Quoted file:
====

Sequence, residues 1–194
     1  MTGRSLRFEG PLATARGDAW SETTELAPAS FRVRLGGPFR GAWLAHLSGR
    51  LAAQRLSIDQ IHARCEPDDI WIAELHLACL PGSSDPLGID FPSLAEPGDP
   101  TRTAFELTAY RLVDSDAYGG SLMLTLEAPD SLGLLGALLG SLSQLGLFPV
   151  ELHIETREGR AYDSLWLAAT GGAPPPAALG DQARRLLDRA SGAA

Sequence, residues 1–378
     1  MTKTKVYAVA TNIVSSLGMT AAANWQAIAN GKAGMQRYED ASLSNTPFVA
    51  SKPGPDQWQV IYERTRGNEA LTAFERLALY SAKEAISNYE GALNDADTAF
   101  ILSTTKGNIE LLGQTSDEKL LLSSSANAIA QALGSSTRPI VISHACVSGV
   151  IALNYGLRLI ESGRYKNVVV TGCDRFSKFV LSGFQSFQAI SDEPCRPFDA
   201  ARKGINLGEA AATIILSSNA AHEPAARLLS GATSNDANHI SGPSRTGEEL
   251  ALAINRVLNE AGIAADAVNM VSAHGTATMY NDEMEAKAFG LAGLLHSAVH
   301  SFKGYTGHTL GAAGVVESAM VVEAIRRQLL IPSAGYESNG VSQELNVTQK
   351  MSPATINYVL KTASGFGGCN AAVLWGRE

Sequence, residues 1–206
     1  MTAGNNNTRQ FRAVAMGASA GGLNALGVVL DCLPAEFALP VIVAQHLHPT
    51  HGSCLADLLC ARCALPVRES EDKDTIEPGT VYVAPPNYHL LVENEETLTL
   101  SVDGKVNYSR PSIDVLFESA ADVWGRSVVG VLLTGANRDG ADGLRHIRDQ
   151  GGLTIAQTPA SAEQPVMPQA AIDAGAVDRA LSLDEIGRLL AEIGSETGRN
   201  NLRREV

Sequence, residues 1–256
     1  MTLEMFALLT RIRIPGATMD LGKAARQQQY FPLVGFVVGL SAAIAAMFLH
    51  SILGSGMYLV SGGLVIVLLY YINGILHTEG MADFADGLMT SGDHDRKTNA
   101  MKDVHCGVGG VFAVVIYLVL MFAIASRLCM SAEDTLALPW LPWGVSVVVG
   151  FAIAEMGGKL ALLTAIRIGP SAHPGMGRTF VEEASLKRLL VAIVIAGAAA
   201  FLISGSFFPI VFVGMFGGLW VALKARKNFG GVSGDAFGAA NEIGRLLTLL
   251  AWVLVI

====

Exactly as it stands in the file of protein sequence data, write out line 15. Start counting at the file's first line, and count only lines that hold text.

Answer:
Sequence, residues 1–206